For decades, those who represent a defense of the command economy, who have attempted to redefine America’s role in world affairs and are the avatars of nontraditional principles have legitimized their philosophical stance with awards for their version of excellence. For example, the Pulitzer Prize in journalism has become a self-congratulatory award for New York Times and Washington Post writers. The so-called “genius award” conferred by the MacArthur Foundation invariably favors scholars and artists on the ideological left.
Of course, there is little doubt that the nontraditionalists have come to dominate the culture. One might even argue that the counterculture of yesteryear now resides with conservatives.
Hence, it is not surprising - indeed, it is justifiable - that conservatives of a moderate bent would want to honor their confreres who embody the characteristics of tradition, patriotism and the free market. If the culture is a reflection of national sentiments, it seems to me illogical to leave out at least half of scholarly opinion.
Filling this cultural void is the estimable Bradley Foundation, which over the past six years has given out awards to remarkable recipients at a ceremony held at the Kennedy Center.
Despite what detractors contend, the honorees do not share a homogeneous ideological position. However, they are united in love of country and a general, if somewhat ambiguous, devotion to traditional attitudes embodied in Judeo-Christian civilization. They come from all walks of life but are overrepresented by scholars from the Academy.
Most noteworthy, the recipients are serious men and women of accomplishment. This is not an award to bring attention to an ideology. The board at Bradley, responsible for these annual decisions, has done its homework. By any standard, including the criteria employed at the MacArthur Foundation, these Bradley awardees are deserving of honors.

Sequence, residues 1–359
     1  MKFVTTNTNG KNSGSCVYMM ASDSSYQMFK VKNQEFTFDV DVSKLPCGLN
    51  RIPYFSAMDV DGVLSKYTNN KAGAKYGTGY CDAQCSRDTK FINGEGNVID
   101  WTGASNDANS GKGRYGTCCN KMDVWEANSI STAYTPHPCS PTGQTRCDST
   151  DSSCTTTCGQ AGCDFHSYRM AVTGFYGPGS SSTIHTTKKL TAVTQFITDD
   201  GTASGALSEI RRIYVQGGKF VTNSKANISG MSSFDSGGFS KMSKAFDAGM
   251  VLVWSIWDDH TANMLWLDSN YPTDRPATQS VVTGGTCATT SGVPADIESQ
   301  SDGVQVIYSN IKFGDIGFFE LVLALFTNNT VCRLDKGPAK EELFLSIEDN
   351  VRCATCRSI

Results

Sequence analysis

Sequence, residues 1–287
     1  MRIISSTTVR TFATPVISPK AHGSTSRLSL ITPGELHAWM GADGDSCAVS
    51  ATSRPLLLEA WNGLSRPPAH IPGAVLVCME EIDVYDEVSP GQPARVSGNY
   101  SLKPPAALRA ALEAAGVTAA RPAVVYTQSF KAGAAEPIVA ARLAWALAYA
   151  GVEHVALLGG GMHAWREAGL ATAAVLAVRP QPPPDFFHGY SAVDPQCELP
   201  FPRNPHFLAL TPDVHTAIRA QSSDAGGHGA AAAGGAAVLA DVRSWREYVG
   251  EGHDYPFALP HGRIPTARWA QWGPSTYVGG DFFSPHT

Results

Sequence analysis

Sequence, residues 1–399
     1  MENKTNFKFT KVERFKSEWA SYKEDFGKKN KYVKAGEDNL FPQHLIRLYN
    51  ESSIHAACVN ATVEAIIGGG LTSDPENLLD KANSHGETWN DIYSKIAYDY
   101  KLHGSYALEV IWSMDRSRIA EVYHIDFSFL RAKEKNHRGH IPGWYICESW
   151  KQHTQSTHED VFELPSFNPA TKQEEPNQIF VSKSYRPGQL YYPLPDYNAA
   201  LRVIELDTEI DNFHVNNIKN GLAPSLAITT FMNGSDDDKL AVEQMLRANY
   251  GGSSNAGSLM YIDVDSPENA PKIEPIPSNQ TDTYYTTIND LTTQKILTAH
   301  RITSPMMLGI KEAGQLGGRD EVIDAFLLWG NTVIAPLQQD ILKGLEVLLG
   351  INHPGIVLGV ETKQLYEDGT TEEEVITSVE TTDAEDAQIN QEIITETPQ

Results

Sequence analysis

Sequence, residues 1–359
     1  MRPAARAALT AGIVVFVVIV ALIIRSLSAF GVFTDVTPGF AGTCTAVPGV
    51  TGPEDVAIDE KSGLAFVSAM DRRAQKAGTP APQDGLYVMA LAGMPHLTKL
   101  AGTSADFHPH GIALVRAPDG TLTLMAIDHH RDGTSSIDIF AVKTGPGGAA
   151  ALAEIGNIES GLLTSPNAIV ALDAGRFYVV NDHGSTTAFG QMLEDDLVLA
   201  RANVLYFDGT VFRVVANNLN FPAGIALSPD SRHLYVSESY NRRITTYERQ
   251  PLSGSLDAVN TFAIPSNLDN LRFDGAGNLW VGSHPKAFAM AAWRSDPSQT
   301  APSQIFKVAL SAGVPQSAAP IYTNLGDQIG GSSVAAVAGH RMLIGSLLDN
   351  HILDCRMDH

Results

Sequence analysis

Yet it is instructive that a separate award had to be established for them. If anything, this condition is a reflection of national polarization, a belief that there are sides in the culture war. Facile contentions that we have entered an era of nonpartisanship are not borne out by reality.
Something profound occurred in the “Woodstock years,” and the United States is still living with that legacy. Cynicism insinuated itself into the national DNA as blemishes from the past were superordinated and achievements overlooked. A significant portion of opinion-makers argued we should take pride in what America may become, not in what the nation has already achieved. This view, so evident in the last presidential campaign, has come to dominate elite political opinion.
That is why the Bradley Prizes take on such profound significance. The recipients understand and appreciate that there is much reason to rejoice in our national past and that the past can serve as a guide to our future.
The land of the free and home of the brave can only remain so if we recognize those scholars who put into words and deeds what this nation stands for. In conferring the Bradley Prizes, this foundation in Milwaukee has performed a national service that all Americans should admire.
Herbert London is president of the Hudson Institute, professor emeritus of New York University and author of “Decade of Denial,” Lexington Books, and “America’s Secular Challenge,” Encounter Books.
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